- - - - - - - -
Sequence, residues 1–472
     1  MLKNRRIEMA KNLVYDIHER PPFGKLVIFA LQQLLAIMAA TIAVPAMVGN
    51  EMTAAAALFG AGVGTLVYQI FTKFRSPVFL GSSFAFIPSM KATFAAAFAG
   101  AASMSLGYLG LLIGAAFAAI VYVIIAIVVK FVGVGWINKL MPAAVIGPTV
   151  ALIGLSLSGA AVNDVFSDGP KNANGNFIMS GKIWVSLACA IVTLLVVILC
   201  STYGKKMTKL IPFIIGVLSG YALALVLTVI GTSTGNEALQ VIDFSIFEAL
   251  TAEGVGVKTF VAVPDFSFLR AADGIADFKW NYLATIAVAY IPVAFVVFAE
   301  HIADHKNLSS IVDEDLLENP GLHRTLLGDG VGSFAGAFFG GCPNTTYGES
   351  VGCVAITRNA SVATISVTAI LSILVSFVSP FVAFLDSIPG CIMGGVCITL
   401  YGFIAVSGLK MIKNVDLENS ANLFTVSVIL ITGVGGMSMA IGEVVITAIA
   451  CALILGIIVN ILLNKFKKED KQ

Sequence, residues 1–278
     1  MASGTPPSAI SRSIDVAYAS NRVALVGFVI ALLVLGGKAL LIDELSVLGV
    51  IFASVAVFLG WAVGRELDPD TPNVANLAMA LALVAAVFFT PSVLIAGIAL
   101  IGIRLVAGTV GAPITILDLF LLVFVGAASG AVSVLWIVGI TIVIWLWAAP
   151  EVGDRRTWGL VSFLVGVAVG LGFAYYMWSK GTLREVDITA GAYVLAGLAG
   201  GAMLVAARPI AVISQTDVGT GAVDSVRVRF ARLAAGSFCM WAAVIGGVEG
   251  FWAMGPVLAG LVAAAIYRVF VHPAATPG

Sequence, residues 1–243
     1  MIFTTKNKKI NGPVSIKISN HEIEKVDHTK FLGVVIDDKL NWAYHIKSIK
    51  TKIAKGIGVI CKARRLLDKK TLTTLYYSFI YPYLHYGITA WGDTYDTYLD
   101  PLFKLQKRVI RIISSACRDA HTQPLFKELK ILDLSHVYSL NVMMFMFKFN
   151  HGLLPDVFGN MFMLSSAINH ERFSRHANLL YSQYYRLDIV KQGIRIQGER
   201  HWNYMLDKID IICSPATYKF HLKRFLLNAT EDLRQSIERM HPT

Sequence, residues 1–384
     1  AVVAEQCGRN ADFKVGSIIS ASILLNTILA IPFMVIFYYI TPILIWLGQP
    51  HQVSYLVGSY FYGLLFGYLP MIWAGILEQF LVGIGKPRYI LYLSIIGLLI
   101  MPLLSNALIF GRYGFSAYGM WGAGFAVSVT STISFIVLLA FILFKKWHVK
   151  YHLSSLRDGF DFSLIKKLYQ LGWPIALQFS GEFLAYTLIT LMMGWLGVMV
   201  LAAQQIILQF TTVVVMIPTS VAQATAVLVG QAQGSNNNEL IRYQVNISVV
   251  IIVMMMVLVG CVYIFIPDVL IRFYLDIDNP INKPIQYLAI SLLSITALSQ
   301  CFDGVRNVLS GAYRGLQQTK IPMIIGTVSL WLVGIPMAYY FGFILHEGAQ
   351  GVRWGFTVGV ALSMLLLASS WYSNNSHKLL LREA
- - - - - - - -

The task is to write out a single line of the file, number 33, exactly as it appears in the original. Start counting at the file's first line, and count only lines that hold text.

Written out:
   351  GVRWGFTVGV ALSMLLLASS WYSNNSHKLL LREA